Two speakers from the National Alliance on Mental Health St. Louis (NAMI) visited MICDS last week and spent some time in Brauer Auditorium with 10th grade students. NAMI St. Louis is an organization of families, friends and individuals whose lives have been affected by mental illness. Together, they advocate for better lives for those individuals who have a mental illness, and they offer support, education and advocacy.
Students learned both how to recognize and support someone who has mental health issues. The presentation, titled Ending the Silence, helps audience members learn about the warning signs of mental health conditions and what steps to take if you or a loved one are showing symptoms of a mental health condition. The first speaker asked the audience, “What would you do if you hurt your ankle?” Several students said, “Go to the doctor.” Right, said the speaker. So why wouldn’t you do the same thing if you are struggling with mental health?
She discussed what a stigma is, and how stigmas can stand in the way of people getting the help they need. Students thought about what coping mechanisms they use to deal with stress and anxiety, including reading a good book, watching television, and playing video games. Talking with a trusted adult is also an option. Finally, she led students through a “roller-coaster” breathing exercise. Students held up their right hands, with fingers spread wide. With the pointer finger of their left hands, they traced the outline of their right fingers, breathing in on the “uphills” and breathing out on the “downhills.” This type of slow, deep breathing can be calming and can help you reset your mental state.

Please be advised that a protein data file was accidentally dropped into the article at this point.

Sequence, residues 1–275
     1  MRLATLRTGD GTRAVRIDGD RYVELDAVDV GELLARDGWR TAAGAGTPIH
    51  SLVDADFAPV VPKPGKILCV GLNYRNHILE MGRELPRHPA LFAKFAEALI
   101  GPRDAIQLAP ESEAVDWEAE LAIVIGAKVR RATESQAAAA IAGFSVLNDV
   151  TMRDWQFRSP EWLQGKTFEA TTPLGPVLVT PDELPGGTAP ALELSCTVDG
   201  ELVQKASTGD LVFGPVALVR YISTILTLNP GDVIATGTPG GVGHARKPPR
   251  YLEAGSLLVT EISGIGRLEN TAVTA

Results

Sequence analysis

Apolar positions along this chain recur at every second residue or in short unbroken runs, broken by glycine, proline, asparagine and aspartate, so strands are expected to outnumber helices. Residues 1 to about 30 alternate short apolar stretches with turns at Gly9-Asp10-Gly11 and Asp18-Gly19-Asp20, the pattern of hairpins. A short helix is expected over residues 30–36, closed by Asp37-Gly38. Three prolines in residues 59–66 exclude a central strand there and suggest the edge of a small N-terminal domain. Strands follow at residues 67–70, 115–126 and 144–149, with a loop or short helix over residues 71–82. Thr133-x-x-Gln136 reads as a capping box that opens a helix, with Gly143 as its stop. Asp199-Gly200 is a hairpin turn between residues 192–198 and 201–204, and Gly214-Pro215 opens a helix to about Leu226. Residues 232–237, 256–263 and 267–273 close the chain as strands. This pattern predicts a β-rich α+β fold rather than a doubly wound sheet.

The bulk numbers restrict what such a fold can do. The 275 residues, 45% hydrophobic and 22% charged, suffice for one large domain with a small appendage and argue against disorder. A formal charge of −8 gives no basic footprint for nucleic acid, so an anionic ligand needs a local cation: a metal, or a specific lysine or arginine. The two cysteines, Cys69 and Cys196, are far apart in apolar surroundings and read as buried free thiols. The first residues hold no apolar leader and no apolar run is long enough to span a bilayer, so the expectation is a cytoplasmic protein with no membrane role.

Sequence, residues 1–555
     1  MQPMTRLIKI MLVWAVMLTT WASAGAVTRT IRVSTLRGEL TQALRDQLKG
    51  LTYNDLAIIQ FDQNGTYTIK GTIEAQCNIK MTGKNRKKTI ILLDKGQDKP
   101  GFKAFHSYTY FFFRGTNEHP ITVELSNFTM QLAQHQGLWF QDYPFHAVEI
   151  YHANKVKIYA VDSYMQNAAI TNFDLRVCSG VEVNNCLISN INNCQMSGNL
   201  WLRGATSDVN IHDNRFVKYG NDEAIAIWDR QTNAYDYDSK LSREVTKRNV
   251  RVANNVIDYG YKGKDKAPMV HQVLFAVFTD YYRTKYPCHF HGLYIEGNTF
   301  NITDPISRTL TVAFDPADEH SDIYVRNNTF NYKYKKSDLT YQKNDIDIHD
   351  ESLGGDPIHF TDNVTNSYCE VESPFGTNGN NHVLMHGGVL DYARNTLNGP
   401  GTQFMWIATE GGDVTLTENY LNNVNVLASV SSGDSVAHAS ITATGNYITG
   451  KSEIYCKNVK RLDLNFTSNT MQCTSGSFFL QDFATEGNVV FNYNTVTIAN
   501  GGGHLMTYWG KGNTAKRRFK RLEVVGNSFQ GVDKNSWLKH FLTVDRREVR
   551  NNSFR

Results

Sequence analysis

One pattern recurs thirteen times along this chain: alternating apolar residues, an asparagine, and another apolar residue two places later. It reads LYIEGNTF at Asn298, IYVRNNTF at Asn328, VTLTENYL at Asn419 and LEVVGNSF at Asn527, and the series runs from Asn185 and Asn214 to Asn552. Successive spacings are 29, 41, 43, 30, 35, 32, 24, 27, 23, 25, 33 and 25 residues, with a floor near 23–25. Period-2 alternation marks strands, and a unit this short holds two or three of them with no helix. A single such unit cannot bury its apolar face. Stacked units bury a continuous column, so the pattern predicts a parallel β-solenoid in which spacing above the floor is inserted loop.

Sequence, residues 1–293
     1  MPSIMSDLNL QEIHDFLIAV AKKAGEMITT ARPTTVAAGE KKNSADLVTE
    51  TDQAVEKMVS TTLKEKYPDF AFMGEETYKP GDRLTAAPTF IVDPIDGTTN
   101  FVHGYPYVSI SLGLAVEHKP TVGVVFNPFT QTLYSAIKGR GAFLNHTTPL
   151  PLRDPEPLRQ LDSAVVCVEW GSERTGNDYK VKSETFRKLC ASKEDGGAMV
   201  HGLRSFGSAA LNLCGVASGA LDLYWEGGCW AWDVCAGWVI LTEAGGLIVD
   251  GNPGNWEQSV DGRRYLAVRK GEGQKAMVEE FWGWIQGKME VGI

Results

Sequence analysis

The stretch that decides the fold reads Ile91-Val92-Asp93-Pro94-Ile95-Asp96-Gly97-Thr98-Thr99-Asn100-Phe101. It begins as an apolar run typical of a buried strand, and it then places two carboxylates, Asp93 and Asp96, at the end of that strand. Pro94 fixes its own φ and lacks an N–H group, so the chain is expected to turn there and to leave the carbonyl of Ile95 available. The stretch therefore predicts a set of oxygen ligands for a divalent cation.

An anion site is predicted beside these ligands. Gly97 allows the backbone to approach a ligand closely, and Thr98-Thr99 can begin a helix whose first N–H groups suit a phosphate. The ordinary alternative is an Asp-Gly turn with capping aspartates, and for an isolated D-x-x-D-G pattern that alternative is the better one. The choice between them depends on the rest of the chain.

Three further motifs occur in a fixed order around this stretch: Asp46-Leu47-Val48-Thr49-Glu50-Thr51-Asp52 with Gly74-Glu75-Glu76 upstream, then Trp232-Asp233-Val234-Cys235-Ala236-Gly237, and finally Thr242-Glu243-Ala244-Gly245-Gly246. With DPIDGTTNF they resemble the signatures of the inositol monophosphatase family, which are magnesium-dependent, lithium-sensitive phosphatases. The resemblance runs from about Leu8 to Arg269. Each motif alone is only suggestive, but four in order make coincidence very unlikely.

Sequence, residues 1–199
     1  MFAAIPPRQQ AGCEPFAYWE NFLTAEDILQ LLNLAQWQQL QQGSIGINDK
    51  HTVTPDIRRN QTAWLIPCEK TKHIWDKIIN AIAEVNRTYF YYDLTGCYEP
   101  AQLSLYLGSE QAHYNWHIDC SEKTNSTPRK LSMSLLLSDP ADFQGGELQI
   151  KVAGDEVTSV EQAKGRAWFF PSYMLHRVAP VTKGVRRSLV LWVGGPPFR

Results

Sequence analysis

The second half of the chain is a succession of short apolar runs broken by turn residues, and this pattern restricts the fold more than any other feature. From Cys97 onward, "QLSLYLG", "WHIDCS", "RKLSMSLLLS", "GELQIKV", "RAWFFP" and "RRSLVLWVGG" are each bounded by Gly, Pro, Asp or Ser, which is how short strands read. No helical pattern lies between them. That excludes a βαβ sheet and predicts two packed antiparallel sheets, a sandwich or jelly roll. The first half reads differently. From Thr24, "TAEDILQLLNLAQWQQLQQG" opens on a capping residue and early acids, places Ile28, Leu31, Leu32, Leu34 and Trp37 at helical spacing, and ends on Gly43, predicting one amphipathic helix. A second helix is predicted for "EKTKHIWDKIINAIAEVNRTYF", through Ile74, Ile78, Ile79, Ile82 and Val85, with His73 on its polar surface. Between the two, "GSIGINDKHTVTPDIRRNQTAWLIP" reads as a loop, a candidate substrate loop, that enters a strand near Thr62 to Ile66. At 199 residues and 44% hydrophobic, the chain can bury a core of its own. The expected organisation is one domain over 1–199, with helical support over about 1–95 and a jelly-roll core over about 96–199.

After a brief video where teenagers shared their thoughts on how important it is to “break the silence” around mental health, a young woman with a mental health condition took the stage. She talked about her childhood, growing up in a family of abuse and divorce. She explained that she went to school just down the street, and how she didn’t reach out for help for a variety of reasons. Her journey involved reaching a point of desperation before finding solutions. Today, she sees a therapist and takes medication to help with her illness, and is working on her undergraduate degree. She explained that her path may not look “typical,” but it’s hers to own and to figure out, and she is proud of how far she has come.
This powerful testimony, and the helpful information shared with it, offer our students new insights, tools, and resources to ensure they are aware of and working on their own mental health, and are available to help their friends. Thank you to Mr. David Hotaling, Upper School Counselor, and to the two representatives from NAMI for this wonderful opportunity.